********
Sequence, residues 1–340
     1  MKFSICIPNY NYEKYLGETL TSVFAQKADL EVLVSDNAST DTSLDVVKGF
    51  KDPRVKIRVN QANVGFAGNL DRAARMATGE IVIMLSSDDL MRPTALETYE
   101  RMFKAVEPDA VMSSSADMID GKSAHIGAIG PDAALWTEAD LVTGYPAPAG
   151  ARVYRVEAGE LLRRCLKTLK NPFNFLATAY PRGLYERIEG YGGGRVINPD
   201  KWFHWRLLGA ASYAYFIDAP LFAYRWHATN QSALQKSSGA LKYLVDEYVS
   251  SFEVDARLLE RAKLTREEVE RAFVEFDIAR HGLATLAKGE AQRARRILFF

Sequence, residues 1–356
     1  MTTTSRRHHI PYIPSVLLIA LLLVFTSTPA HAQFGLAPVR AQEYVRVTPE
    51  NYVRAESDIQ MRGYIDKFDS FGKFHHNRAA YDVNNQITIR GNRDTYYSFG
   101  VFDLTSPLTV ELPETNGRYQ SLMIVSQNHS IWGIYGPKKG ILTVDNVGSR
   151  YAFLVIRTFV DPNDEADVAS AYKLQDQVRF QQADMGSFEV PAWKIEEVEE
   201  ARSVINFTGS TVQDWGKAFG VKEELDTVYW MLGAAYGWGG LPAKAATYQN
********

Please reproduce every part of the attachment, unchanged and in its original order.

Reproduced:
Sequence, residues 1–340
     1  MKFSICIPNY NYEKYLGETL TSVFAQKADL EVLVSDNAST DTSLDVVKGF
    51  KDPRVKIRVN QANVGFAGNL DRAARMATGE IVIMLSSDDL MRPTALETYE
   101  RMFKAVEPDA VMSSSADMID GKSAHIGAIG PDAALWTEAD LVTGYPAPAG
   151  ARVYRVEAGE LLRRCLKTLK NPFNFLATAY PRGLYERIEG YGGGRVINPD
   201  KWFHWRLLGA ASYAYFIDAP LFAYRWHATN QSALQKSSGA LKYLVDEYVS
   251  SFEVDARLLE RAKLTREEVE RAFVEFDIAR HGLATLAKGE AQRARRILFF

Sequence, residues 1–356
     1  MTTTSRRHHI PYIPSVLLIA LLLVFTSTPA HAQFGLAPVR AQEYVRVTPE
    51  NYVRAESDIQ MRGYIDKFDS FGKFHHNRAA YDVNNQITIR GNRDTYYSFG
   101  VFDLTSPLTV ELPETNGRYQ SLMIVSQNHS IWGIYGPKKG ILTVDNVGSR
   151  YAFLVIRTFV DPNDEADVAS AYKLQDQVRF QQADMGSFEV PAWKIEEVEE
   201  ARSVINFTGS TVQDWGKAFG VKEELDTVYW MLGAAYGWGG LPAKAATYQN